To Your Health
December, 2007 (Vol. 01, Issue 12)
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Winter Warm Up

By Meghan Vivo

"It's too COLD.
I'll get SICK.
I might SLIP and FALL."

All common excuses for avoiding exercise when the seasons change. With four to six months of winter in many parts of the country, you can't afford to skip winter exercise altogether. For both physical and mental well-being, the human body needs activity all year round. Whether you find creative ways to exercise indoors or dive into the great outdoors, maintaining an exercise regimen through the holidays and beyond will not only keep you fit, but also give you a head start come spring.

Take It Outside

If you don't want to stay cooped up inside for months, exercising outdoors can be a great way to stay in shape while appreciating the sights and sounds of winter. From snowball fights and sledding to snowshoeing and cross-country skiing, a host of outdoor activities await you. Of course, if you have any medical conditions or concerns about outdoor exercise, check with your doctor first. Here are a few tips to help make the most of your time outdoors:

  • Dress for the Cold. Layered clothing is essential when exercising in cold weather. The base layer should be a thin layer of synthetic material like polypropylene (such as Gore-Tex), which lets sweat evaporate away from your body. Next, wear a layer of fleece or similar material for insulation. The outer layer should be made of waterproof, wind-repellent, breathable fabric to let the heat out and keep the cold air from coming in. Since as much as 50 percent of heat loss comes from the head and neck, a hat and gloves are necessities. To warm the air before you breathe it, use a scarf or mask.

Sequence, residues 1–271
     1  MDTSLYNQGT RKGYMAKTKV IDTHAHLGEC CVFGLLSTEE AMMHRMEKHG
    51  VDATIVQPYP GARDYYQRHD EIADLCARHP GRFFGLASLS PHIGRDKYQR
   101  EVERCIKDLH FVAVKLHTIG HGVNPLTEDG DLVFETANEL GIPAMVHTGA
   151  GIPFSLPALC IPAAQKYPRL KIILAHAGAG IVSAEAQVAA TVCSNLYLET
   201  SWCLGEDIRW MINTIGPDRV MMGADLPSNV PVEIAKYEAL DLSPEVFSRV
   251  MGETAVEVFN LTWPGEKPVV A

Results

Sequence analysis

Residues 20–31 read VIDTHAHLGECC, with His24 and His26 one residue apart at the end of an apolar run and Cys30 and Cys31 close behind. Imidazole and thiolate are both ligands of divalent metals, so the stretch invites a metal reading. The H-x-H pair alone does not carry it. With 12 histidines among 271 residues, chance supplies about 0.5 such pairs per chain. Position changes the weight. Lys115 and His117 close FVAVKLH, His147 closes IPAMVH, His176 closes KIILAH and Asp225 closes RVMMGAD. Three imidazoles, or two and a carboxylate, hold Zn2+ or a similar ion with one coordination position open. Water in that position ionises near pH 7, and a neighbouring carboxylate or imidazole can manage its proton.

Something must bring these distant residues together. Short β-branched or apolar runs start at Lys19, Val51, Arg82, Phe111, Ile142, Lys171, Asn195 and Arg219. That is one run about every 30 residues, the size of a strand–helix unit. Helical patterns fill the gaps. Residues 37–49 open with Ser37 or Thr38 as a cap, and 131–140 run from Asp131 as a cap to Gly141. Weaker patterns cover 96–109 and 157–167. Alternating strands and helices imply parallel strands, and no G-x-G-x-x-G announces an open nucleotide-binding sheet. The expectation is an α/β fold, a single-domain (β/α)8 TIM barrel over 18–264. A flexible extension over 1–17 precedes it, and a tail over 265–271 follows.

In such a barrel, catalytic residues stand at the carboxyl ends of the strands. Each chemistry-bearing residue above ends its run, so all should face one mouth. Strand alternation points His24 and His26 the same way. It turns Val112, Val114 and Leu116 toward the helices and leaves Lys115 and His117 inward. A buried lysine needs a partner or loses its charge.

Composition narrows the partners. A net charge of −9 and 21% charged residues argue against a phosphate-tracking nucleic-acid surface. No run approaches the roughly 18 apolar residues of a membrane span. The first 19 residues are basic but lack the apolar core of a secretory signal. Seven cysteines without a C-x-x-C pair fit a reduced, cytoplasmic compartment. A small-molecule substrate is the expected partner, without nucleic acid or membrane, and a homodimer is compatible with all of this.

• Family of three jumping over a ridge of snow. - Copyright – Stock Photo / Register Mark Protect Your Skin. Winter weather brings cold, wind and humidity - all of which wreak havoc on your skin. The snow reflects the sun's rays, making sunburn possible even in the winter months. A basic regimen of sunscreen and moisturizer can protect your skin from harsh conditions.
  • Drink Fluids. When the air feels colder, you are less likely to realize you're thirsty. The drying effect of cold air actually increases the risk of dehydration, which in turn increases the risk of frostbite. So drink water before and after your workout, even if you don't feel thirsty.
  • Beware of Wind Chill. The wind chill factor can be a serious problem for outdoor-fitness buffs. Start your workout into the wind and finish with it behind you (when you're sweaty) to avoid getting chilled. Fast motion such as skiing, running, cycling or skating can create wind chill because it increases the movement of air past your body. For example, if the temperature is 10 F and the air is calm, skiing at 20 miles per hour creates a wind chill of minus 9 F. If the temperature outside is well below zero or the wind chill is below minus 20, experts advise choosing an indoor activity instead.
  • Dont't Push Your Luck. Sometimes you need to know when to get out of the cold. Exercising in the snow can be invigorating, but ice is treacherous and almost impossible to see, especially when it's on pavement. In icy conditions, move your favorite activities indoors. If you're out in severe conditions and notice you have a patch of hard, pale, cold skin, you may have frostbite. Slowly warm the affected area and seek emergency care if numbness continues. If you experience intense shivering, slurred speech, loss of coordination and fatigue, you may have hypothermia and should immediately seek emergency care.